“People may criticize the Obama administration for taking a pass on the Google investigation, for example, or letting very large mergers go through. But everyone needs to recognize that there was a different financial context.”

“Even at that time, the EU had already been very aggressive for years in the tech space.

There was a lot of debate in the antitrust community as to whether there would ultimately be a convergence between US and EU antitrust enforcement. Despite all of the political discourse in our country, we have now reached a point where one of the few areas where Republicans and Democrats seem to enthusiastically agree is the need for reform in the antitrust area.”

“The federal government here has taken a more restrained position than the EU, you saw things come full circle in the opening of the tech investigations of the GAFA (Google, Apple, Facebook and Amazon.). And you are seeing the state enforcement agencies playing a significant role and making statements about how they needed to investigate Google because the EU did not go far enough.” 

“We are in this fascinating point in time where we are seeing not only more of a convergence between EU and US antitrust tech enforcement, but we are also seeing different governmental actors play significant roles and potentially more aggressive roles than the Biden administration is likely to take on.”

“At the FTC, President Biden will be able to add two more Democratic commissioners. President Biden has already signaled a shift in merger review cases. That indicates he has a more progressive view of consumer welfare than in past administrations. President Biden’s Unity Task Force called for a review of all mergers and acquisitions since Trump took office and to assess those that have resulted in highly concentrated markets, reduced competition and raised prices. Those are traditional consumer welfare metrics. But there is a call to also look at those that demonstrably caused harm to workers and even those that have exacerbated racial inequality.”

“Even that does not go far enough for the most progressive antitrust advocates because it does not consider environmental impact in mergers, which some countries have begun taking into consideration.”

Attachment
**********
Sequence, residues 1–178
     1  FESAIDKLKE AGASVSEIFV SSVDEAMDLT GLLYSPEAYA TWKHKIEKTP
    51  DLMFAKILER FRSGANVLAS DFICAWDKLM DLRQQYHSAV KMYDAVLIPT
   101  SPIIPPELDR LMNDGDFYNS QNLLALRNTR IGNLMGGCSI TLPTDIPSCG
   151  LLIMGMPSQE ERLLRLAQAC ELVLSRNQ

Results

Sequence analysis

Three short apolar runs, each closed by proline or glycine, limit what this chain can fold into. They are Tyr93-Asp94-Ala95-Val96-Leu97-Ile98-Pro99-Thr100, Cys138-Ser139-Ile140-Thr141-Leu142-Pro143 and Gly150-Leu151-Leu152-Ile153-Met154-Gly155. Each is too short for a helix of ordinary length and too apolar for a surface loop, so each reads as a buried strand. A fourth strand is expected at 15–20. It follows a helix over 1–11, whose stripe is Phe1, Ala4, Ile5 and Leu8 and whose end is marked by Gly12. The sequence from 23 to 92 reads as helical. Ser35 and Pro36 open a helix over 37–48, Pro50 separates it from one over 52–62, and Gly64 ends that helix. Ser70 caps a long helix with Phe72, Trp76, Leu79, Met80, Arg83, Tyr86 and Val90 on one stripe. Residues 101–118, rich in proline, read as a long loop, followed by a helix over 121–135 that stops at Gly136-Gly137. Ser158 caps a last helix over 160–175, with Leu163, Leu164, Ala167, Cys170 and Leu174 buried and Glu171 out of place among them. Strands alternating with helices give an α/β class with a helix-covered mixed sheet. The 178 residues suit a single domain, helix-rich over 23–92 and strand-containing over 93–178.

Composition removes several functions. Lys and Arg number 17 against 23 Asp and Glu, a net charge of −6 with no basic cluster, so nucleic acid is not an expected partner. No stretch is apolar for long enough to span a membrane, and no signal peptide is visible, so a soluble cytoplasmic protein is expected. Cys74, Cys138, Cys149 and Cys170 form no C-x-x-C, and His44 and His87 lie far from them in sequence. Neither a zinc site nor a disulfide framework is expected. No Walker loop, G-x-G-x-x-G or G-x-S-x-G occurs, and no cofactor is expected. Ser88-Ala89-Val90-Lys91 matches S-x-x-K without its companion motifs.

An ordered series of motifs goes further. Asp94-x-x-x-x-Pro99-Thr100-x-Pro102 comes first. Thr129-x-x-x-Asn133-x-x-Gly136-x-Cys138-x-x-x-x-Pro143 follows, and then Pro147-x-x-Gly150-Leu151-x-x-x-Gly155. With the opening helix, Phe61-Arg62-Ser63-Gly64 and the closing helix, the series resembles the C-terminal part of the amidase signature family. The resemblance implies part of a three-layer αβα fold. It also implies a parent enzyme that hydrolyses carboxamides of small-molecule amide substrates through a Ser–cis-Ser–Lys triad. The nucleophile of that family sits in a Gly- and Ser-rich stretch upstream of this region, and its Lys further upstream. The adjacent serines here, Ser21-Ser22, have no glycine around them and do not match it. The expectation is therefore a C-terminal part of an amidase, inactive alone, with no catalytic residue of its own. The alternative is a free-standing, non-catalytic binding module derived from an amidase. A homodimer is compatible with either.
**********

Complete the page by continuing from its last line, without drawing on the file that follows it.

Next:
“The FTC is likely to move closer to the EU’s large tech fines if they are able to. That is a question mark. The Biden FTC will face some new hurdles in this administration which they have not in the past. Acting FTC chair Rebecca Kelly Slaughter and former FTC commissioner Rohit Chopra entered some very strong dissents, for example, criticizing settlements with Facebook and Google with respect to privacy issues. Chopra for example argued that the $5 billion fine against Facebook was too small with respect to Facebook’s gain.”

“We would expect to see a shift toward even more dramatic financial penalties and likely more aggressive injunctive relief to strike more at the heart of the business models at these tech firms.”

“But the FTC is facing some unprecedented challenges to its power right now. The ability of the FTC to order disgorgement and monetary penalties is before the Supreme Court right now in the AMG Capital case. The Supreme Court is considering whether the FTC Act gives the FTC the power even to order disgorgement. A split has emerged in the circuit courts as to whether or not the FTC can even continue ordering disgorgement at all.”

“With the current composition of the Supreme Court, the continued viability of FTC monetary penalties is at risk for the first time in this history of the FTC.”

[For the complete q/a format Interview with Susannah Torpey, see 35 Corporate Crime Reporter 10(13), Monday March 8, 2021, print edition only.]